When Smith Barney Inc. chairman Robert Greenhill sat down three weeks ago to negotiate job offers for some of the investment bankers who were quitting Salomon Brothers Inc., his goal of creating a world-class financial institutions group must have seemed within reach.
Today, Mr. Greenhill and Smith Barney are on the sidelines watching as the former Salomon players revel in their first deal, the $1.6 billion merger agreement between West One Bancorp and U.S. Bancorp.
Adding to the frustration of seeing the former Salomon bankers scoring a big deal for UBS Securities Inc., Smith Barney last week lost the head of its bank group when Charles Nathan left the company for a job at the law firm of Fried, Frank, Harris, Shriver & Jacobson.
The Salomon team represented a major opportunity for Smith Barney's financial institutions group, which had yet to attract much outside talent. Instead of gaining ground, the company is suddenly without Mr. Nathan and lacks the bank M&A professionals it will need to cash in on the expected consolidation in the era of interstate banking.
"Rome was not built in a day, and it takes a long time to build a sound investment bank," said Sanford C. Bernstein & Co. analyst Guy Mozkowski, concluding that the jury is still out on Smith Barney's efforts.
Despite Mr. Greenhill's impressive clientele in banking, the firm has failed to make the strides in commercial bank M&A that it has in advisory work for credit card, asset management, and mortgage banking clients.
His relationship with Terrence Murray didn't prevent the Fleet Financial Group chairman from turning to Salomon Brothers for advice in its $3.7 billion purchase of Shawmut National Corp.
The key Salomon Brothers adviser on that deal was Richard Barrett, the same official who headed the group Smith Barney had hoped to lure.
With the interstate banking law effective in September and massive consolidation on the horizon, the developments of the past few weeks could be costly.
Already this year Michigan National Corp., Shawmut, and West One have been sold in billion-dollar deals, netting millions of dollars for their advisers.
Smith Barney downplayed its inability to ink employment contracts with the Salomon bankers, who also talked to other Wall Street firms.
The company never offered the former Salomon team positions, and only had talks, said John C. "Hans" Morris, head of Smith Barney's financial institutions group.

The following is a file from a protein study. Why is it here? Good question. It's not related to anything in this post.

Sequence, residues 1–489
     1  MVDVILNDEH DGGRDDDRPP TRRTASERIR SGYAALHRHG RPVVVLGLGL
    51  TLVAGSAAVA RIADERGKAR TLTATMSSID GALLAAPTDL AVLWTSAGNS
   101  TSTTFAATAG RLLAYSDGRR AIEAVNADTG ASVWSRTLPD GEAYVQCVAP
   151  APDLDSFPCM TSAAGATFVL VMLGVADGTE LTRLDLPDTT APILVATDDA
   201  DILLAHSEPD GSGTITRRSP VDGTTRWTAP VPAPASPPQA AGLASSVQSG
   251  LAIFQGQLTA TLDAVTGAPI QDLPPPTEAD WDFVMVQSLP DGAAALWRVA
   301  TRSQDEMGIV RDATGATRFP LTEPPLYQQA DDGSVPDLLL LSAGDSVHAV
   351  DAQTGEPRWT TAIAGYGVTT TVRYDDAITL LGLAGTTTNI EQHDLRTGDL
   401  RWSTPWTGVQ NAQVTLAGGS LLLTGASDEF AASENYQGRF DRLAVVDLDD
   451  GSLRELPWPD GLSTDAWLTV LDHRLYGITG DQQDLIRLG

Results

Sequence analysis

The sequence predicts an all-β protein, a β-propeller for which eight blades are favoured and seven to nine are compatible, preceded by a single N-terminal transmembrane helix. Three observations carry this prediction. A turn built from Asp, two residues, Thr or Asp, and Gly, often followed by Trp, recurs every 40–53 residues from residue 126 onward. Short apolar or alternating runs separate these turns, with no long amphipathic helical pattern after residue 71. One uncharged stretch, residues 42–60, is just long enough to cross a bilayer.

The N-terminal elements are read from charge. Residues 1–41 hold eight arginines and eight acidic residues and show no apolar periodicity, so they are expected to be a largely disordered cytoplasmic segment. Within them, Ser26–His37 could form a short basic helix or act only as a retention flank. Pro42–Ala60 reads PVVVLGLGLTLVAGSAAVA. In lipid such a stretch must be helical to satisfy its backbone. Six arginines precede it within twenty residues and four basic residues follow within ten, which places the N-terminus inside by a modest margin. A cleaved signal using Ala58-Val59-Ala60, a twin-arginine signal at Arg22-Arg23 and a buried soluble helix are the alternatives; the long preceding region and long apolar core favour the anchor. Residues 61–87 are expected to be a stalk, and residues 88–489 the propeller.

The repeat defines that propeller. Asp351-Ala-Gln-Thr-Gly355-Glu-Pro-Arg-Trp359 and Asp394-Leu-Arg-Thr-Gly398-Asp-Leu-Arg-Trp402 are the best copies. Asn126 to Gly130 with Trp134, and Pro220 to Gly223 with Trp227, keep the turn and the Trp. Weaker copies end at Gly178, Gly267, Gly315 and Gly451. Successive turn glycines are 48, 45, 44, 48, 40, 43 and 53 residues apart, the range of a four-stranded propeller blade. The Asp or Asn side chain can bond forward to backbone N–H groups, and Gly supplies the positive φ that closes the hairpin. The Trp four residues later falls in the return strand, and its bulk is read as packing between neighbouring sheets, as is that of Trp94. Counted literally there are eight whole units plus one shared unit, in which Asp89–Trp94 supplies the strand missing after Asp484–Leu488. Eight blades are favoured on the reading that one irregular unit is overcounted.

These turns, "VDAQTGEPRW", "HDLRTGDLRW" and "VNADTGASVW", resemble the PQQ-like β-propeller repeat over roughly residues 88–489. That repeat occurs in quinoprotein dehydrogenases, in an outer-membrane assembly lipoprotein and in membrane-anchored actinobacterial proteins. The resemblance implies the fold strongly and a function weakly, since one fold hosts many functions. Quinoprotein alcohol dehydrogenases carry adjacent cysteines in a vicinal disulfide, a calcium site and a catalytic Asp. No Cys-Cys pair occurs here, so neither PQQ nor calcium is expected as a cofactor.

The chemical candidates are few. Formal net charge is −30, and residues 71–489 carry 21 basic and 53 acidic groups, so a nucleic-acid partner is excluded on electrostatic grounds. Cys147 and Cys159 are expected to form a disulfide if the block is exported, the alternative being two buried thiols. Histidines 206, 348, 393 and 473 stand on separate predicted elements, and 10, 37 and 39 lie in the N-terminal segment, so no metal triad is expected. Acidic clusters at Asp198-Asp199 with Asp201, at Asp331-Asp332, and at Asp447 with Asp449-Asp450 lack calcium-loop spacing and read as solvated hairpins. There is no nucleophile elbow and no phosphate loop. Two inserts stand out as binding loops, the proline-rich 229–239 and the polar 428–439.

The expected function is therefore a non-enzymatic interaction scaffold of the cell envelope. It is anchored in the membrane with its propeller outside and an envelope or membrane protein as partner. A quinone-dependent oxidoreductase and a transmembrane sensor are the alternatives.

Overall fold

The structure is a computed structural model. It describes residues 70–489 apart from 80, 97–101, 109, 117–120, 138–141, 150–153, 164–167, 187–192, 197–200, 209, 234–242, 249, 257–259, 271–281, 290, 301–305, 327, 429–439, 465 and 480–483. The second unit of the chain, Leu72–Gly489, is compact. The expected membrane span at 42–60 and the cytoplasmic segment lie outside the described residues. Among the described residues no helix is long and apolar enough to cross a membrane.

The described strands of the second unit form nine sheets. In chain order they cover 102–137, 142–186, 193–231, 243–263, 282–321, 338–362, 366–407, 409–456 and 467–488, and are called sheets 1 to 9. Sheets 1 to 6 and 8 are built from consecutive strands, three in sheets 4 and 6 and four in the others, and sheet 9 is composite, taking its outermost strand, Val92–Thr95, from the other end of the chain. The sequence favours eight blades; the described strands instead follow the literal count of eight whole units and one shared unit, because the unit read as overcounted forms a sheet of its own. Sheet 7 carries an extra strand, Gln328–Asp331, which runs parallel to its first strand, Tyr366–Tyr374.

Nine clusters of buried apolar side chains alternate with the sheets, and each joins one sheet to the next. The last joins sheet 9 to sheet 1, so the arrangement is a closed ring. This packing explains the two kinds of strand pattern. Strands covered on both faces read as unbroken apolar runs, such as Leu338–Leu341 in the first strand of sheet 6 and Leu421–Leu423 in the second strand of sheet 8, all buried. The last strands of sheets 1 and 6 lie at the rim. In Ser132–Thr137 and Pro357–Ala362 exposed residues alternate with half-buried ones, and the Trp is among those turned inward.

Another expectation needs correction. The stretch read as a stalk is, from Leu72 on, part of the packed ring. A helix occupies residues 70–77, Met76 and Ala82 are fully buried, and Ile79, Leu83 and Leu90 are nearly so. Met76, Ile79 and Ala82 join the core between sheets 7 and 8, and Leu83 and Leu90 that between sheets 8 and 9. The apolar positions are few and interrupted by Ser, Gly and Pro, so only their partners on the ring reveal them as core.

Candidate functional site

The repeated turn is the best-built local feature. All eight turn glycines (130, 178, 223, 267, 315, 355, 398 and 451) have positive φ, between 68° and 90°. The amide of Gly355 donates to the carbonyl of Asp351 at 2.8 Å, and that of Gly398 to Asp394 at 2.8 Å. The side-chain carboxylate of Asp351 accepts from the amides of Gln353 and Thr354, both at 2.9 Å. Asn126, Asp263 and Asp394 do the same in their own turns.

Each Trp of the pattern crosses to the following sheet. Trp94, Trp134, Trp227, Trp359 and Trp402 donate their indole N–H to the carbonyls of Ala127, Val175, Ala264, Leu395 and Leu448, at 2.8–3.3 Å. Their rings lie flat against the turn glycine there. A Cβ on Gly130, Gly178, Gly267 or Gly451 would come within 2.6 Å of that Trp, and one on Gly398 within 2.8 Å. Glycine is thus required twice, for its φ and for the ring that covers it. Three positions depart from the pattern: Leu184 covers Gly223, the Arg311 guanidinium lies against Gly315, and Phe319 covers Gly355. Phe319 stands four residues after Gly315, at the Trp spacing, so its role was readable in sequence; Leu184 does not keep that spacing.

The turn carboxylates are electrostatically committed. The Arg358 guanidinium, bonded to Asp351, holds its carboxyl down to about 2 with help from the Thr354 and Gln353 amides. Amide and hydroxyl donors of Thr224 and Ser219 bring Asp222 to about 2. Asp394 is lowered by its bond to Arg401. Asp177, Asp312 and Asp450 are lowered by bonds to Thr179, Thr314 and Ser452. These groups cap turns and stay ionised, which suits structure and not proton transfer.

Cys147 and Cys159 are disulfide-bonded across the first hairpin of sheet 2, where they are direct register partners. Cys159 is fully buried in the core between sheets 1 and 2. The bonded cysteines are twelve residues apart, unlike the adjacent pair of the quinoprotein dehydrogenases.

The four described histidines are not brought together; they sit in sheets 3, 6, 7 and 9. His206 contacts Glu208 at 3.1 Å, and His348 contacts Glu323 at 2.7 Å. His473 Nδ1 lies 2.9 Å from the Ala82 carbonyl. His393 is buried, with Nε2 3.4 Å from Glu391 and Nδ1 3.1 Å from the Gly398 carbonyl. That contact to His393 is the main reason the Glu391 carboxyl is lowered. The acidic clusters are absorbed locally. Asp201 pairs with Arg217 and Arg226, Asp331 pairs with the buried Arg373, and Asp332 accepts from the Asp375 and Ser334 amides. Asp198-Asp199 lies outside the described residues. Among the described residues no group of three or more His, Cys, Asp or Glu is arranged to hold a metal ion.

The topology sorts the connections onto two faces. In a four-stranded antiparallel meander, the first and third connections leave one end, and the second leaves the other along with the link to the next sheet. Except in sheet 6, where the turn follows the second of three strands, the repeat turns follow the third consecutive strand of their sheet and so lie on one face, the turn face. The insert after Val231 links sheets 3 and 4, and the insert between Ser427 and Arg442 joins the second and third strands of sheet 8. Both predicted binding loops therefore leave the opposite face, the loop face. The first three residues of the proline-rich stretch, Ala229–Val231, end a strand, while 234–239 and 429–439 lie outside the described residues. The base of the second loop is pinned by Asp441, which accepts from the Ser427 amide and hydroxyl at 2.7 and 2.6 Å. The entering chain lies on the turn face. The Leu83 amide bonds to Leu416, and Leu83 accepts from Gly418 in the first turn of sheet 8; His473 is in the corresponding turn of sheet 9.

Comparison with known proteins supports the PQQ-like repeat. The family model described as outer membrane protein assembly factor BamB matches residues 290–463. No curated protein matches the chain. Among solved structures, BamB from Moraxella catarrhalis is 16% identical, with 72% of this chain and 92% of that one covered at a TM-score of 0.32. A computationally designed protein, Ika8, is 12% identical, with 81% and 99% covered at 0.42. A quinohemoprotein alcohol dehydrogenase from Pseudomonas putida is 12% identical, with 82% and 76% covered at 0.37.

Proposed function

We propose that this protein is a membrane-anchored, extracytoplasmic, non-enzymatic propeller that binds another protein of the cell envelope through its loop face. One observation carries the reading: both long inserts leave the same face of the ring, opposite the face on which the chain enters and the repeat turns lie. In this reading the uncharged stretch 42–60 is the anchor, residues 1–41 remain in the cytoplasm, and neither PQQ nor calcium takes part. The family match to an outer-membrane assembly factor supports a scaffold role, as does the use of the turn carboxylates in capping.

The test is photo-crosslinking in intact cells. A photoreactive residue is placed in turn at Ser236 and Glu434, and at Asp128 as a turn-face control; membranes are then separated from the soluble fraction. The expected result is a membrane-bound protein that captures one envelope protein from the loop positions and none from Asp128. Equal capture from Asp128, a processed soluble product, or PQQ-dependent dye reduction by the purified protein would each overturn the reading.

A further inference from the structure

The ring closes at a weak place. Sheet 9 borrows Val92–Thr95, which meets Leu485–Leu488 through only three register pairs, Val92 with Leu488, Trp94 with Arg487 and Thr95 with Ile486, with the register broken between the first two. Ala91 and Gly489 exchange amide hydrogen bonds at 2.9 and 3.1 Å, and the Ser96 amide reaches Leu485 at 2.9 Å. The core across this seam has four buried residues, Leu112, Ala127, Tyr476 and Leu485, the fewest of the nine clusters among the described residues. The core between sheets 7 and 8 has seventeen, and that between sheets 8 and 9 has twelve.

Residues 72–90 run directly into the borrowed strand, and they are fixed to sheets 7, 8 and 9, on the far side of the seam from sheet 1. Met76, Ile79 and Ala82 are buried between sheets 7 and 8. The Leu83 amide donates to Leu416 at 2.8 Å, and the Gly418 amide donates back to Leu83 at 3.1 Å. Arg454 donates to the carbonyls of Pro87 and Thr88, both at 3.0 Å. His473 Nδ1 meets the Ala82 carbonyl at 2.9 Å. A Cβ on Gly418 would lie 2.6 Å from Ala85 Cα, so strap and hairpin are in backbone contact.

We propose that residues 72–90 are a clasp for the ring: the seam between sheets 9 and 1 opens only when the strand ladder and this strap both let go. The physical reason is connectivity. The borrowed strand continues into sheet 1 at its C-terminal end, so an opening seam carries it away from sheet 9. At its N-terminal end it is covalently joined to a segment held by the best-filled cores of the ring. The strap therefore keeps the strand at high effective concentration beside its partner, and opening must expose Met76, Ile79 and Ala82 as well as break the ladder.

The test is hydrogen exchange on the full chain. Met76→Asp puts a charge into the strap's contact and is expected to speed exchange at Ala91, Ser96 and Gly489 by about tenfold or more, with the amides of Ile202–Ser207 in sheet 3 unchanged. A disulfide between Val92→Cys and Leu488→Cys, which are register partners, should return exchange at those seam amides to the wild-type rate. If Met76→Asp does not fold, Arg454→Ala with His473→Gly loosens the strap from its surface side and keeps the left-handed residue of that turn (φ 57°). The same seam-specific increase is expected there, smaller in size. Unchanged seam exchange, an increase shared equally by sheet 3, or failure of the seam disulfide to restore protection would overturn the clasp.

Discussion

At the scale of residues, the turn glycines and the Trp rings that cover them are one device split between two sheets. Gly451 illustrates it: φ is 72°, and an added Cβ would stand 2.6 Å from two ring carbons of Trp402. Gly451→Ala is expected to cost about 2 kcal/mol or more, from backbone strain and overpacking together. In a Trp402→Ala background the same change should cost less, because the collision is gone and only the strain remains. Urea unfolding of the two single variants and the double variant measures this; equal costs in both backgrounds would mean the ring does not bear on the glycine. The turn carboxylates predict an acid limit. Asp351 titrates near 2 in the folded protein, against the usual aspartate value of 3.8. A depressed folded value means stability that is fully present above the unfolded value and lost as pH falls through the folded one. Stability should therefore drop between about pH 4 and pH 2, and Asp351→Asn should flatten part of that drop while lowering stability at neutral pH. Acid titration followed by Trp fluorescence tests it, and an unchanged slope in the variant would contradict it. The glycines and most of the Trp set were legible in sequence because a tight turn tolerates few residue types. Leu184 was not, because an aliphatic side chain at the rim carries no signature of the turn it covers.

But in a sign of the intensity of the firm's interest in the Salomon group, Sanford I. Weill, chairman of Smith Barney's parent, the Travelers, joined in the talks.
And despite internal criticism leveled at Mr. Greenhill and Mr. Weill for dividing the work force between high-paid former Morgan Stanley bankers and less well rewarded original Smith Barney bankers, the two discussed guaranteeing two years of multimillion-dollar salaries for the Salomon bankers, said a well-placed source, who noted the usual practice of no guarantees.
In the end, this source said, the high-priced Salomon entourage looked to UBS, where they were afforded the independence and flexibility that they missed at Salomon Brothers - and feared would be absent at Smith Barney.
Smith Barney denies politics played a role. Officals at the firm said no offer was made because the team's price was too high, likely in the $15 million to $20 million annual range.
Smith Barney's head of investment banking, William Mills, said the discussions were only exploratory, and the Salomon group was already well into talks with UBS.
Mr. Mills added that Smith Barney is committed to bulking up the financial institutions group, though it would not replace Mr. Nathan, who will help expand Fried Frank's bank practice.
"We are very committed to banks," Mr. Morris added. "We understand that banks are relationship driven, and we are investing substantially in those relationships.
"But we think ideas and distribution increasingly will become the distinguishing characteristic among investment banks," he said.
Mr. Nathan, who said he preferred lawyering to investment banking, also defended Smith Barney's financial institutions group.
It recently underwrote two debt issues for Bankers Trust New York Corp. and has been slowly cultivating relationships with 10 to 15 major commercial banks, he said.
The group's investment bankers have their hands in all the pots and do not confine themselves to specialties in any one field or market, he said.
The bottom line is, though the firm has bank analysts and bank capital markets personnel, it lacks a bank M&A specialist.
"They have got a decision to make," said a Wall Street investment banker.
"Are they going to continue to try to be an all-service financial institutions group with all the support that entails, or are they going to be just a niche player?"